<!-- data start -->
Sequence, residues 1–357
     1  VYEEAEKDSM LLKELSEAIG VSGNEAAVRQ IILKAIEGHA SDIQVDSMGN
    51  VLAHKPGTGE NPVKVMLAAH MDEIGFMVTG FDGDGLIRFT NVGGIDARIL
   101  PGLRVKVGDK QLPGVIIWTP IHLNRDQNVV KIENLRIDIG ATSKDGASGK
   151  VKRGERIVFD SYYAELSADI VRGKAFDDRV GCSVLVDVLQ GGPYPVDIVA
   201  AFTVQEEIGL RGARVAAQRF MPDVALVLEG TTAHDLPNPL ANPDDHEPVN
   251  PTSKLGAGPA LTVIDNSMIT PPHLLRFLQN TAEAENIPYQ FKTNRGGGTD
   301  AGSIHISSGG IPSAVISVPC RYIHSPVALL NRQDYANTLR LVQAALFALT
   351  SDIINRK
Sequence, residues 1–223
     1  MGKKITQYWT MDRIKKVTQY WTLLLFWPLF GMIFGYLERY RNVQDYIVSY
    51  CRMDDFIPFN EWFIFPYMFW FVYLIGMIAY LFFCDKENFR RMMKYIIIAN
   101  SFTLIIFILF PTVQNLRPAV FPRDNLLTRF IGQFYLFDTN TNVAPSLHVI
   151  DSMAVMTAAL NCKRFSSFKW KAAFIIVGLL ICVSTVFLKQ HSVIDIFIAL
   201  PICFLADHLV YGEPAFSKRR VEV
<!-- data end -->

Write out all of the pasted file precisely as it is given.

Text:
Sequence, residues 1–357
     1  VYEEAEKDSM LLKELSEAIG VSGNEAAVRQ IILKAIEGHA SDIQVDSMGN
    51  VLAHKPGTGE NPVKVMLAAH MDEIGFMVTG FDGDGLIRFT NVGGIDARIL
   101  PGLRVKVGDK QLPGVIIWTP IHLNRDQNVV KIENLRIDIG ATSKDGASGK
   151  VKRGERIVFD SYYAELSADI VRGKAFDDRV GCSVLVDVLQ GGPYPVDIVA
   201  AFTVQEEIGL RGARVAAQRF MPDVALVLEG TTAHDLPNPL ANPDDHEPVN
   251  PTSKLGAGPA LTVIDNSMIT PPHLLRFLQN TAEAENIPYQ FKTNRGGGTD
   301  AGSIHISSGG IPSAVISVPC RYIHSPVALL NRQDYANTLR LVQAALFALT
   351  SDIINRK
Sequence, residues 1–223
     1  MGKKITQYWT MDRIKKVTQY WTLLLFWPLF GMIFGYLERY RNVQDYIVSY
    51  CRMDDFIPFN EWFIFPYMFW FVYLIGMIAY LFFCDKENFR RMMKYIIIAN
   101  SFTLIIFILF PTVQNLRPAV FPRDNLLTRF IGQFYLFDTN TNVAPSLHVI
   151  DSMAVMTAAL NCKRFSSFKW KAAFIIVGLL ICVSTVFLKQ HSVIDIFIAL
   201  PICFLADHLV YGEPAFSKRR VEV